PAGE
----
My neighbor on Van Brunt Street stops me one morning in March, as I get on my bike to head to work. “What do I do?” he says. He is a carpenter, and his basement woodshop was under eight feet of water. Five months later, he has gotten some insurance money and replaced his machines. He thought his life was getting back to normal, but now he’s heard a rumor that the government has redrawn the flood maps and he’ll have to buy mandatory flood insurance. His cost will rise from $400 to $10,000 a year. “I can’t afford that. If the flood didn’t put me out of business, the insurance will.” Again he asks, “What do I do?”
I don’t know the answer. The threat of mandatory and ruinous flood insurance is a symptom, not a solution — a federal policy designed to keep people from building in dangerous places. Maybe it will dissuade developers from building mansions on barrier islands, but it has no place being retroactively applied to people who live in brick houses in communities over 200 years old.
For weeks I have been working on plans to rebuild the ground floor of my house. It’s frustrating; the rules keep changing. A couple of months ago, the mayor issued an executive order mandating higher levels for rebuilding. Then the federal government issued a new set of “advisory base flood elevations.” Now those are rumored to be changing, too. The new flood height is almost five feet above my ground floor. I’m as confounded as my neighbor: What do I do?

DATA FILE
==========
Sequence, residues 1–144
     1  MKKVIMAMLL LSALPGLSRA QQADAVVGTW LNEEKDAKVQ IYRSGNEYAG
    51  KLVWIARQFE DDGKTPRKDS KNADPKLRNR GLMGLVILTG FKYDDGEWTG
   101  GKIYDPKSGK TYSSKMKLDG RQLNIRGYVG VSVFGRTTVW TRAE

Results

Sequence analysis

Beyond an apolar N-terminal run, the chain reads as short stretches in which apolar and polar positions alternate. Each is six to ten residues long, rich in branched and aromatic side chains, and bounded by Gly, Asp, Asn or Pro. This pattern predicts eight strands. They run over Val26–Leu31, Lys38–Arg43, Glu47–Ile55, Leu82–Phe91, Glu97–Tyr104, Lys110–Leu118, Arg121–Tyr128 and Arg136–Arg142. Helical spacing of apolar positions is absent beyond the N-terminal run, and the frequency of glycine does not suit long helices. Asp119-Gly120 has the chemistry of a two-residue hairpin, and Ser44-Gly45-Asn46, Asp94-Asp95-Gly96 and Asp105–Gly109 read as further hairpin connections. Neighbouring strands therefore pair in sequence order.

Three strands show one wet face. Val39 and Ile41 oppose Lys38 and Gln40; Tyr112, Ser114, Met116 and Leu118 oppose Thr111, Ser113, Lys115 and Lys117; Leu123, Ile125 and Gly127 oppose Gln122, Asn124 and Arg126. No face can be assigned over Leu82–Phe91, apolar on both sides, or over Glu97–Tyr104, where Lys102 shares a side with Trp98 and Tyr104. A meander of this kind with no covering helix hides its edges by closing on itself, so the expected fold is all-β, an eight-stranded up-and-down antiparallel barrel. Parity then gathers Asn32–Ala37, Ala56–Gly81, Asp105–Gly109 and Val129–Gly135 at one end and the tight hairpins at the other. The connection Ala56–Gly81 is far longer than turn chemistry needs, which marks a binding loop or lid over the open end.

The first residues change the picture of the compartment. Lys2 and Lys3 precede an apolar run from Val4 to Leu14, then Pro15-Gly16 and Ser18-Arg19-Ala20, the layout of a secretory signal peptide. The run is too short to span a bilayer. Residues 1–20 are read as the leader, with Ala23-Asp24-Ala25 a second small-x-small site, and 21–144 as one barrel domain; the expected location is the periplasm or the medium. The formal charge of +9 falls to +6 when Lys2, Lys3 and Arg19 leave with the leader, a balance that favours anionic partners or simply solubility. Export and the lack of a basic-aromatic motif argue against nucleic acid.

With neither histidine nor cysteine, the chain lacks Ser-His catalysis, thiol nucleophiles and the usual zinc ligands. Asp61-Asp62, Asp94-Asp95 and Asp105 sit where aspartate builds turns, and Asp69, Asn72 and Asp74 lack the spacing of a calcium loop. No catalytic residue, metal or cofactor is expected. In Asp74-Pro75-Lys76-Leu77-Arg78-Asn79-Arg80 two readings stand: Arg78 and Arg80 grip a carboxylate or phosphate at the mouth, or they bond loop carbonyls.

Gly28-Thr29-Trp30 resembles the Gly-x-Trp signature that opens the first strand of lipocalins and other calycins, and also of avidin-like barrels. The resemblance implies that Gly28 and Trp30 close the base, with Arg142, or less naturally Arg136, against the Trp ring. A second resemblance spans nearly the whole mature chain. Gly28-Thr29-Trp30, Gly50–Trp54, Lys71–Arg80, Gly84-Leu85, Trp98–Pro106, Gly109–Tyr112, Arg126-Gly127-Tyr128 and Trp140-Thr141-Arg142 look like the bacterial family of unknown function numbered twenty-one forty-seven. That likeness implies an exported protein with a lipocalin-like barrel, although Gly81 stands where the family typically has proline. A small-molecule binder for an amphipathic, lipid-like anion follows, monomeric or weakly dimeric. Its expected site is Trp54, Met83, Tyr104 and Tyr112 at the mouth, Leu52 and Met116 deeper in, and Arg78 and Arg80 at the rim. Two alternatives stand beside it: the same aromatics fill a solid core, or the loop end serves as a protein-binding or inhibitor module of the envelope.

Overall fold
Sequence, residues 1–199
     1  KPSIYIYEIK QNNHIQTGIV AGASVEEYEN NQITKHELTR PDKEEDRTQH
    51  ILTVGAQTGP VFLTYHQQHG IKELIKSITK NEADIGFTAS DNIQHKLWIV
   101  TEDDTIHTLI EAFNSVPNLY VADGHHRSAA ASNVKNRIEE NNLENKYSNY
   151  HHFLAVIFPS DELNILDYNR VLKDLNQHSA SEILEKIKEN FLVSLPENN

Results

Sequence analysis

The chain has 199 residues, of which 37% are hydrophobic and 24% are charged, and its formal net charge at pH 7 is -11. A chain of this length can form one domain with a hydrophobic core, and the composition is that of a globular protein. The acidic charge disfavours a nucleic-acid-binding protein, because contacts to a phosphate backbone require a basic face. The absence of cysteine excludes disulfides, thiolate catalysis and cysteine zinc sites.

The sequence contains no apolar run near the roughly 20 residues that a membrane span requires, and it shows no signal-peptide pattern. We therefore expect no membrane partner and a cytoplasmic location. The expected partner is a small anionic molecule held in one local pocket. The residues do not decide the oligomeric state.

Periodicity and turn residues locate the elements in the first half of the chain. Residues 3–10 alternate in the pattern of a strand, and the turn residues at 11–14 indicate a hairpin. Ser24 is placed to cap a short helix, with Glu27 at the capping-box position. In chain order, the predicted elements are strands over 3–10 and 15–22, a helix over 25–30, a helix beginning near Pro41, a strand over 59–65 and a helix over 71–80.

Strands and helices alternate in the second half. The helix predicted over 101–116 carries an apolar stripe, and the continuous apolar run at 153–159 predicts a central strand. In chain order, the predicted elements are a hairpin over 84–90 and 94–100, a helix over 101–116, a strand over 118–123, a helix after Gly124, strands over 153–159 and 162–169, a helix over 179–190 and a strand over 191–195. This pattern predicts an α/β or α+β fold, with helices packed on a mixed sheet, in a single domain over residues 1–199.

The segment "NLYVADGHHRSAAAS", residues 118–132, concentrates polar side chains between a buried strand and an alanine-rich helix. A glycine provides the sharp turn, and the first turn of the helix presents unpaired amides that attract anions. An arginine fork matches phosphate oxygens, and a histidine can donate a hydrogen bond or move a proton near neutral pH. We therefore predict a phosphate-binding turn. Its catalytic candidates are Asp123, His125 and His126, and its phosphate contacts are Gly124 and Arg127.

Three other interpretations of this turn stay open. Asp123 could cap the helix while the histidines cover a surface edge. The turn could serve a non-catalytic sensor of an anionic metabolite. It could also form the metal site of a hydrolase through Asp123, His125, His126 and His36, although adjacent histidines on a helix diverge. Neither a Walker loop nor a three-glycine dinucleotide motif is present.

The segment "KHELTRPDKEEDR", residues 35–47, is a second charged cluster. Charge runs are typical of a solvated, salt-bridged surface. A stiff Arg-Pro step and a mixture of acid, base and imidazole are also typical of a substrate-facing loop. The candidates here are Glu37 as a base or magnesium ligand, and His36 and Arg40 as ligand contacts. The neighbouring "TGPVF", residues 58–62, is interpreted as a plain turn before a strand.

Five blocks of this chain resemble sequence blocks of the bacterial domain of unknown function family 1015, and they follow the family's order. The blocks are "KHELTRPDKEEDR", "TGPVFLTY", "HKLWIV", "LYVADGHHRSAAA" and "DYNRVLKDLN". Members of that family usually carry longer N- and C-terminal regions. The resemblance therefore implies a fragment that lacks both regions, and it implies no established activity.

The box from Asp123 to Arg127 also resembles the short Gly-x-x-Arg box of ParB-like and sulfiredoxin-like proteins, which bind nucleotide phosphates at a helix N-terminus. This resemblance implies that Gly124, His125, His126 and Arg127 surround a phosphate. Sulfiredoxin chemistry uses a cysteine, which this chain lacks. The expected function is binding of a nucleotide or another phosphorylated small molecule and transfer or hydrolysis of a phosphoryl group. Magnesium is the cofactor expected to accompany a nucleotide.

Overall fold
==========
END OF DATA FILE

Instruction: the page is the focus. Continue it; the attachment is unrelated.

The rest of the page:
I just want to design my house in a way that’s resilient. When the next flood comes, I want to be able to evacuate safely, and, when I return, get things up and running quickly and on my own. So I have devised the idea of floor panels that I can attach with cables to new ceiling beams. When the evacuation order comes, I can crank the floor panels up out of the reach of floodwaters, with my computers and lamps still sitting on my desk, the whole thing lifted six feet in the air. When the waters recede, I can hose down my subfloor, dry the place out and crank the desk back down to its normal position. Should work, but there’s nothing in the building code to permit this.